The Ranking Member of the Select Committee on Energy Adam Mutawakilu has disclosed that Parliament has slashed the Ghana National Petroleum Corporation’ (GNPC)’s 2019 expenditure budget by 80 million dollars.
According to him, there is no justification for some of the projects captured in the 2019 budget of the GNPC.
The committee has also questioned the 50 million dollars the Corporation is requesting to use for the building of a refinery, as parts of government’s plans to create a Petroleum hub in the country.
The Ghana National Petroleum Corporation plans to spend some 43 million cedis on various projects as part of its Corporate Social Responsibility in 2019.
Some of the projects include the building of boreholes and educational scholarships for persons within the communities the company operates.
Although the amount represents 8 percent of the corporation’s total budget of about 800 million dollars for 2019, industry watchers say the 43 million dollars for CSR is on the high side compared to the 20 million dollars the company plans to spend on its core operations including the development of the Voltain Basin.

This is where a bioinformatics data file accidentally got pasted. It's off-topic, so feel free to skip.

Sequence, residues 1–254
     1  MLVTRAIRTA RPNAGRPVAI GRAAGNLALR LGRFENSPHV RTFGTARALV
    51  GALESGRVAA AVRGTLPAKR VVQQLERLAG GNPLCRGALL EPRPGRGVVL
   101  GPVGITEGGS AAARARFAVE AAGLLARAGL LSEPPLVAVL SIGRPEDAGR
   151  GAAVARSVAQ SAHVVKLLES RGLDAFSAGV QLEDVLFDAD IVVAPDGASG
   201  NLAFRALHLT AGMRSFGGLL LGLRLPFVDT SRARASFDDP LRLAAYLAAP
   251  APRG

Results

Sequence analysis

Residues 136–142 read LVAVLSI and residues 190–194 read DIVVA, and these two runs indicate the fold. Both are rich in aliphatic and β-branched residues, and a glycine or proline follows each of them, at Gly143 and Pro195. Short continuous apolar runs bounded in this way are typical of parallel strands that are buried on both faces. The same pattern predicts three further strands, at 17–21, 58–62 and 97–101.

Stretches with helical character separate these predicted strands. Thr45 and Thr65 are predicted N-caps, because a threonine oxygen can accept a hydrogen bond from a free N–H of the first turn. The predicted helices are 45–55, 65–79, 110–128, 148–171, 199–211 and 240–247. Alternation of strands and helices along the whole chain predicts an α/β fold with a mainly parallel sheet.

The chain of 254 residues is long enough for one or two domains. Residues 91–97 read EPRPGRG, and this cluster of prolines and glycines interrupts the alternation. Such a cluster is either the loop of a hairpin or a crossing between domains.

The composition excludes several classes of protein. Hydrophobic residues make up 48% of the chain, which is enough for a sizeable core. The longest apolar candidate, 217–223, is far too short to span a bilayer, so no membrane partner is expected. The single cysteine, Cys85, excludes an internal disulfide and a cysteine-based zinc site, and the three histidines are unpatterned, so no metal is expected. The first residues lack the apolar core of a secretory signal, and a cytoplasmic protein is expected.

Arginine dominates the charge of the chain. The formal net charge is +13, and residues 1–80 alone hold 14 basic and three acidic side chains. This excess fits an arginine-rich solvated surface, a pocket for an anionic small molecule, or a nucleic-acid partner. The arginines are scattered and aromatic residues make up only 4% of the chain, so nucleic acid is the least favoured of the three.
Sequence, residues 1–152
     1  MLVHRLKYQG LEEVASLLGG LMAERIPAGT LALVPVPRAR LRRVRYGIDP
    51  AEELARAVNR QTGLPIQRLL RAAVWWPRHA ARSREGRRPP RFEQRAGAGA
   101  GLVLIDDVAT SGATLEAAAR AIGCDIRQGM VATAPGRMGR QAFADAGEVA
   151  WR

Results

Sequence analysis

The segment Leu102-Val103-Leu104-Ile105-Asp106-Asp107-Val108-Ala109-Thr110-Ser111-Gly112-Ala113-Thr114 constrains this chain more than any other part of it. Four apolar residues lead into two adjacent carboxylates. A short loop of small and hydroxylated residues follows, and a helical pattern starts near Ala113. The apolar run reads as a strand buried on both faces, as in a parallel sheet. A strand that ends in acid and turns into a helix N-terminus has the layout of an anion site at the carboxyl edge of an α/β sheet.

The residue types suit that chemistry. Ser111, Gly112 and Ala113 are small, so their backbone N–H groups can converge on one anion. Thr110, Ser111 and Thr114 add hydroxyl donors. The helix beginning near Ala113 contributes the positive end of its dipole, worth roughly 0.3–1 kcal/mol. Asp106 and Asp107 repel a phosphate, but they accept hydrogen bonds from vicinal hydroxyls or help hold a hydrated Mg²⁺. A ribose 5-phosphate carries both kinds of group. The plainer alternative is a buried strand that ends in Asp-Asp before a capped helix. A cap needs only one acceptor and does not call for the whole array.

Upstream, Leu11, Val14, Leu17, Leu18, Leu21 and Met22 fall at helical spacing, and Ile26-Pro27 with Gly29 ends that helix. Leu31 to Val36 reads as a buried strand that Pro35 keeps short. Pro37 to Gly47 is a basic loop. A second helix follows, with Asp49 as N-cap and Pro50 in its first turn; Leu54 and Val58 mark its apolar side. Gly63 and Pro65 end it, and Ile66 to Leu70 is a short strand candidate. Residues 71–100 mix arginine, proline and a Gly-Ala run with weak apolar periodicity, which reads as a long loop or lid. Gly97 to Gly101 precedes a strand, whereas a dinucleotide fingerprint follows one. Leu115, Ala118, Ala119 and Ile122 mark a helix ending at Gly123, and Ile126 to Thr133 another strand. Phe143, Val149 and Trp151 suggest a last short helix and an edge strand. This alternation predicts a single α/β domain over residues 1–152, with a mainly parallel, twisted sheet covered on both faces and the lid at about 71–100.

In 2018, the corporation spent 28 million dollars on CSR which is more than the 25 million dollars it spent on salaries and the 17 million dollars it spent on some operational activities. .
“The GNPC must prove beyond every reasonable doubt what the funds are going to be used for. We scrutinized every project. And from here the committee will be going on the field to check and ask all the relevant questions,” Mr. Mutawakilu said at a panel discussion on the management of Petroleum funds which was organised by the Institute of Fiscal Studies(IFS).
But in a sharp response, the GNPC refuted claims it is overspending.
Speaking to Citi FM, General Manager of Sustainability Development, at GNPC, Dr. Kwame Baah Nuakoh said those projects are long term investments.
“We invest in the community we operate in. We build their capacity to prepare them for the market so that by the next 15 years they can take up key jobs in the Petroleum sector.”